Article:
The connection between anger and murder is clear. Yes, there is righteous anger. It is right to be angry with those, like the Nashville shooter or any of the shooters who have senselessly taken the lives of innocent men, women and children. They are guilty of a horrible evil that dishonors God.
But most of our anger is not righteous anger. Most of our anger is not about God being dishonored. It’s about people not acting the way we think they should. It’s about life not going our way. It’s anger that springs from a root of self-interest, self-righteousness and self-importance.
Anger is not the only emotion being weaponized and monetized. Online clickbait is filled with headlines designed to tap into your anxieties and doubts. The recent CNN headline that read “NASA tracks a newly discovered asteroid that has a ‘small chance’ of hitting Earth in 2046” is just one example (I thought about adding a hyperlink so you could check out the article, but that only reinforces my point). If you’re not worried about an asteroid coming our way in the next 23 years, maybe you’ll get sucked in by the headline that reads “Signs that your water heater is going to explode in your home.”
There is a big difference between exercising reasonable caution and having a spirit of fear. God, the Bible tells us, has not given us a spirit of fear, but of power and love and a sound mind (2 Timothy 1:7). God commands us as he commanded Joshua to be strong and courageous (Joshua 1:9). But strong and courageous people are not easily manipulated. Fearful people are. So the culture keeps fomenting fear.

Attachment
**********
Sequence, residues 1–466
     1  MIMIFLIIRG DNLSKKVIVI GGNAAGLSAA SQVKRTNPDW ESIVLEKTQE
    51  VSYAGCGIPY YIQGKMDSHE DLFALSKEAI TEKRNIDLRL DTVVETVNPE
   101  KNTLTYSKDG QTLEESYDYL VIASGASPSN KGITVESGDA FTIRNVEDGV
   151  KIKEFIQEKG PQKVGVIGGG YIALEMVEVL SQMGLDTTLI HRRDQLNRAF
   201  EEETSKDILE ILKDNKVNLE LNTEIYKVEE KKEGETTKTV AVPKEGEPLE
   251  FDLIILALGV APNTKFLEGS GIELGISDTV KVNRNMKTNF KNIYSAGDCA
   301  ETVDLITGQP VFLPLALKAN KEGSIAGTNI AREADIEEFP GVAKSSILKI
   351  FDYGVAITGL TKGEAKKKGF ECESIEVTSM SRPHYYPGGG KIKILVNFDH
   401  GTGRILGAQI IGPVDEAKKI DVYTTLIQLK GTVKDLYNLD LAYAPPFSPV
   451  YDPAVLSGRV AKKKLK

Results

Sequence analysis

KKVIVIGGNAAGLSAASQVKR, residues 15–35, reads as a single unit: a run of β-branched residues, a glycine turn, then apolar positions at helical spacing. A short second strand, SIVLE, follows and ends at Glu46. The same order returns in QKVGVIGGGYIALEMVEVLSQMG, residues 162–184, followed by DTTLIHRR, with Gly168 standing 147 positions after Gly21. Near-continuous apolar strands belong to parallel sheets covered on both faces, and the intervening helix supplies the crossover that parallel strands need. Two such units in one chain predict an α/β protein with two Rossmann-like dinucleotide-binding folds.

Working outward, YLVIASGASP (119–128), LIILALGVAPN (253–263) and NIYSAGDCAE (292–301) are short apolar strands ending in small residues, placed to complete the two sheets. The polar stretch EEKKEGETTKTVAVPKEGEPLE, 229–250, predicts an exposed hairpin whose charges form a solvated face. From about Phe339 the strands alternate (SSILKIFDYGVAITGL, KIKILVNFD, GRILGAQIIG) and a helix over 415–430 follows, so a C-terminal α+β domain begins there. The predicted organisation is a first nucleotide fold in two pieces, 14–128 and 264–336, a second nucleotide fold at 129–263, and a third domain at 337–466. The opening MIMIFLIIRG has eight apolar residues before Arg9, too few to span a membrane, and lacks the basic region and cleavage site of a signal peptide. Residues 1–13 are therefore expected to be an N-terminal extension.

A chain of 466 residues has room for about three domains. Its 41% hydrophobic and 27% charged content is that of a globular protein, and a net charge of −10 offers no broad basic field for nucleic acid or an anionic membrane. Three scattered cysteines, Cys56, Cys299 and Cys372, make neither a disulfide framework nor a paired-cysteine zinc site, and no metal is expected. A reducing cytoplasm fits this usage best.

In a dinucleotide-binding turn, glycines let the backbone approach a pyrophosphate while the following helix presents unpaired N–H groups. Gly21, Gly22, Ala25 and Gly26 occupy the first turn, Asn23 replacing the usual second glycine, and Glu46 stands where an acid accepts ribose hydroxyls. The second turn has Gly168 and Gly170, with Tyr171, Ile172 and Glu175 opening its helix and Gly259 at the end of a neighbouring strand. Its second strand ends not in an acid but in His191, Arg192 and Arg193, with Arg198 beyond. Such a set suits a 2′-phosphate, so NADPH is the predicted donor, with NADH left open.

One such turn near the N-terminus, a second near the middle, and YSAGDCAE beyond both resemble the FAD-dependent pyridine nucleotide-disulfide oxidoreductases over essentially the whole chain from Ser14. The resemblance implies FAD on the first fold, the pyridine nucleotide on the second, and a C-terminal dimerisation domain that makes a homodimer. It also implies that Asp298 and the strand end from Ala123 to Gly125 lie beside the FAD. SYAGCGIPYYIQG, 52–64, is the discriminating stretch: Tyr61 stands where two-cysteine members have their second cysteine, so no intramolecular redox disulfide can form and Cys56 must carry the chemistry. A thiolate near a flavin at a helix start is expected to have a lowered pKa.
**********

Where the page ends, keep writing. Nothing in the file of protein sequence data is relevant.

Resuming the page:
Concurrent with the rise of anger and fear, and perhaps helping to accelerate both, is the decline of faith in God and strong family bonds in our day. Both serve as antibodies to fear and anger. A recent Wall Street Journal/NBC poll showed that the majority of Americans no longer attend religious services (32%) or attend less than once a year (19%). That, coupled with the decline of the nuclear family in America leave people more emotionally vulnerable, anxious and depressed.
All of this brings us back to this week’s headline involving gun violence. Whatever conclusion you may draw about appropriate government regulation of firearms, at the end of the day, the soul sickness in our nation is the leading cause of the murder epidemic. It is axiomatic that those who carry out a mass shooting are emotionally or mentally disturbed. It’s also axiomatic that they are spiritually dead. So as spiritual deadness continues to grow in our culture, the number of men and women prone to carry out gun violence will grow as well.